Richmond Gun Violence Intervention

What are the goals of the program?

In 2006, the City of Richmond, California experienced more than 40 homicides. The national average for a city the size of Richmond (approximately 100,000 people) is six. In the aftermath, the city established the Office of Neighborhood Safety (ONS) to actively reach out to those most likely to be involved in gun violence, those most resistant to change, and chronically unresponsive to help. The program works with these youth and adults to avoid future acts of violence, to leave gang life behind, to achieve high-value goals as part of a "life map" and to be financially rewarded for their achievements. 

Essential to the work of ONS are the Neighborhood Change Agents who carry out the street and school outreach, violence interruption, public education, conflict resolution and retaliation prevention, and general adult mentorship activities. Many of the ONS change agents are ex-felons now dedicated to leveraging their knowledge of the city to diffuse tensions, meet with individuals who are known to turn to violence, negotiate truces, change behaviors, broker social services, and reduce homicides.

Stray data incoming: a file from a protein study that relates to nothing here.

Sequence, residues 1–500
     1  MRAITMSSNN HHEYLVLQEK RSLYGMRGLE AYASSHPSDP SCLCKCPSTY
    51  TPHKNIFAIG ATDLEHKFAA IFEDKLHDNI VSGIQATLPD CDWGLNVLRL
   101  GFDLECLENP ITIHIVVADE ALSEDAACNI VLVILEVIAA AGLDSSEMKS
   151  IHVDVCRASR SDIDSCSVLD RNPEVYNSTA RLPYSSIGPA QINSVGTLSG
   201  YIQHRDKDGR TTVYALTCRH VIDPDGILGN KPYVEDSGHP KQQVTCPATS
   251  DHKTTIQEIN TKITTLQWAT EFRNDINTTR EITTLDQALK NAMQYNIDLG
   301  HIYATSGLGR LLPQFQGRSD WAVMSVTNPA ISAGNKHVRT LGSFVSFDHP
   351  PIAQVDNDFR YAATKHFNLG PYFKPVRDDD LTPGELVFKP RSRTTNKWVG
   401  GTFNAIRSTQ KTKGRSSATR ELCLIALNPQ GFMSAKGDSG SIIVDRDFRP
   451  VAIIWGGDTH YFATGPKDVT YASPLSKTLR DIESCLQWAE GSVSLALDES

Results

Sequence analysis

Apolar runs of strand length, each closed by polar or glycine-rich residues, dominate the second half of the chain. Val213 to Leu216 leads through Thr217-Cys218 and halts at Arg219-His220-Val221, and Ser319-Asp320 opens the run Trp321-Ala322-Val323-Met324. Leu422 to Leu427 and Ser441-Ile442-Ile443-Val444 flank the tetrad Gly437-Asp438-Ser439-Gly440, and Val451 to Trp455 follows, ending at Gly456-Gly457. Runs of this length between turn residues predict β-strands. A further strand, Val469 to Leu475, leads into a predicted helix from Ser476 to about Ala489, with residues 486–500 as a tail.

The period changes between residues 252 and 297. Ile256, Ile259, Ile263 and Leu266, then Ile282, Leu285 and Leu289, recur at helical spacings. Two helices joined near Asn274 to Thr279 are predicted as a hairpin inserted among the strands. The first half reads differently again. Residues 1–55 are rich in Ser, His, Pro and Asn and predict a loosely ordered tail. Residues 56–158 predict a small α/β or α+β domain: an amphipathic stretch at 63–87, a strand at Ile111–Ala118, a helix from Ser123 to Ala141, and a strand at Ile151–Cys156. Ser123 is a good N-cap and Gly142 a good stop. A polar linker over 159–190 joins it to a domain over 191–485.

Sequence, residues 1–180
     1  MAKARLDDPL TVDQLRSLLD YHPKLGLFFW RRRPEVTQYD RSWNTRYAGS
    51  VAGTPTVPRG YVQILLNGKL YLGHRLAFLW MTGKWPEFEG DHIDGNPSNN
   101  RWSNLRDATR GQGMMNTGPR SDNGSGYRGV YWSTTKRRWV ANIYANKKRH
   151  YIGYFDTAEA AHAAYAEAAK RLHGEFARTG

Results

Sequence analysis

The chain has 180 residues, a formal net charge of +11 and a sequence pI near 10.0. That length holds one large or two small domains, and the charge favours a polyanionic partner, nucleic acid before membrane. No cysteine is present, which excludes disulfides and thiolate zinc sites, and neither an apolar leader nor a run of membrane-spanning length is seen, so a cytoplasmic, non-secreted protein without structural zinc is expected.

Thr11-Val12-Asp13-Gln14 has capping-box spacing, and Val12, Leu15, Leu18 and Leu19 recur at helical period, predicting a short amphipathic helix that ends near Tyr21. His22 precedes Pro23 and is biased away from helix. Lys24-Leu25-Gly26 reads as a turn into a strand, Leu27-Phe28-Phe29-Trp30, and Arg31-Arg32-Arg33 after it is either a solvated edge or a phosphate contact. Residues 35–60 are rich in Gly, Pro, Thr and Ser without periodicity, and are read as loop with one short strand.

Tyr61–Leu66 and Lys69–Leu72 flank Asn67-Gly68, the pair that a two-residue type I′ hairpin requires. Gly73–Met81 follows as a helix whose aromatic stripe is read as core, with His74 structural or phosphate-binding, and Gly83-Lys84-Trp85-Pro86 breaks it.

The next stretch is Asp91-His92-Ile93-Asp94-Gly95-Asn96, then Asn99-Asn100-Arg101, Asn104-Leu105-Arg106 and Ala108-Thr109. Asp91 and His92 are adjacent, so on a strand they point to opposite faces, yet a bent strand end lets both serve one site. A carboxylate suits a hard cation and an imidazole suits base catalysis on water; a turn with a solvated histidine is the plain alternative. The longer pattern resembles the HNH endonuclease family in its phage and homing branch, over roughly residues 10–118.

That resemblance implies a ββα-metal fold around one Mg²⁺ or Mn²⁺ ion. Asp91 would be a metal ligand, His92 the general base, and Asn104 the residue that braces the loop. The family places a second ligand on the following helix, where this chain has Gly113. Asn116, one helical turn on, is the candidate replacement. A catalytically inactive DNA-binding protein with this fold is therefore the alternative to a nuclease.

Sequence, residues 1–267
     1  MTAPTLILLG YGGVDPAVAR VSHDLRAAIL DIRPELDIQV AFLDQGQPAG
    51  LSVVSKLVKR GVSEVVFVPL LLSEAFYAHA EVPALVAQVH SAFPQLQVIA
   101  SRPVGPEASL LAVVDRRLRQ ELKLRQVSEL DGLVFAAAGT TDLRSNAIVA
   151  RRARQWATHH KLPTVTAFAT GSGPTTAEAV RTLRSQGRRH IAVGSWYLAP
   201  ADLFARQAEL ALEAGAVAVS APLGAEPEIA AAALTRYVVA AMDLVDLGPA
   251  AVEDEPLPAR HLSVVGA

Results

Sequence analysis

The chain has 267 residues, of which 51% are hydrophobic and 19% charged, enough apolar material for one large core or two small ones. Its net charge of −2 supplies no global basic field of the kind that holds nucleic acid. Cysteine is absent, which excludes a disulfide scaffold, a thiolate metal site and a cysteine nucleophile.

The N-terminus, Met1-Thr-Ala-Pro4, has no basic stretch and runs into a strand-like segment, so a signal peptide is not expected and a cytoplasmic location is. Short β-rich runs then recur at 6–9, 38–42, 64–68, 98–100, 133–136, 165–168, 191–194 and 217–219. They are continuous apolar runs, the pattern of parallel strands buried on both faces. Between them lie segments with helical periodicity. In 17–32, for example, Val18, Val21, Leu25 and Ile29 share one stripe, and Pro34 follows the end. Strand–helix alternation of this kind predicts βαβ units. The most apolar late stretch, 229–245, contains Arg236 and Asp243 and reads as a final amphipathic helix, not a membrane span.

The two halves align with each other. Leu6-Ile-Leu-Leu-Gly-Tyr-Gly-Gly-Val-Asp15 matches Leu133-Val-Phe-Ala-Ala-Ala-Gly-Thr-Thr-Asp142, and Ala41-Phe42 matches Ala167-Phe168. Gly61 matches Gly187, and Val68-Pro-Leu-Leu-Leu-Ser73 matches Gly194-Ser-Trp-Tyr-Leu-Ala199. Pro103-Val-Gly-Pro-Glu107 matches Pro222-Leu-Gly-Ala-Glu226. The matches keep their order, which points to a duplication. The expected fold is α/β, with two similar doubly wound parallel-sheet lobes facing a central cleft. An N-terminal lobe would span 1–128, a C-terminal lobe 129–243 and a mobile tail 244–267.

How does the program work? 

The city's change agents identify the individuals most at-risk for gun violence. They are recruited to participate in an 18-month Fellowship. The program provides financial incentives for participation and positive behaviors as a gateway to self-motivation. Each Fellow has a mentor and develops a Life Map which identifies major benchmarks such as securing a high school diploma or GED, maintaining paid employment, acquiring a driving license, enrolling in classes to improve parenting skills, or management of personal finances. Stipends of up to $1,000.00 per month may be paid for the achievement of Life Map benchmarks. 

Between 2006 and 2014, with the implementation of the ONS programs, homicides in Richmond have decreased by 70 percent from more than 40 to just 15. (A record high of 47 homicides did occur in 2009.) By the end of 2014, 68 individuals had passed through the Fellowship program and 65 were still alive. Eleven have been arrested for gun violence since 2010. 

How if the program funded?

Initially funded at $600,000 the program has grown to have a budget of $1.5 million. According to ONS quarterly reports, all stipends, supportive services and associated costs paid as part of the violence prevention fellowships come from private and grant sources. 

Resources 
Cities United, a collective of mayors from across the nation who have joined a movement to stop the unprecedented and devastating loss of human life happening in cities throughout America

http://citiesunited.org/ 
Richmond, California Office of Neighborhood Safety 
http://www.ci.richmond.ca.us/index.aspx?NID=271

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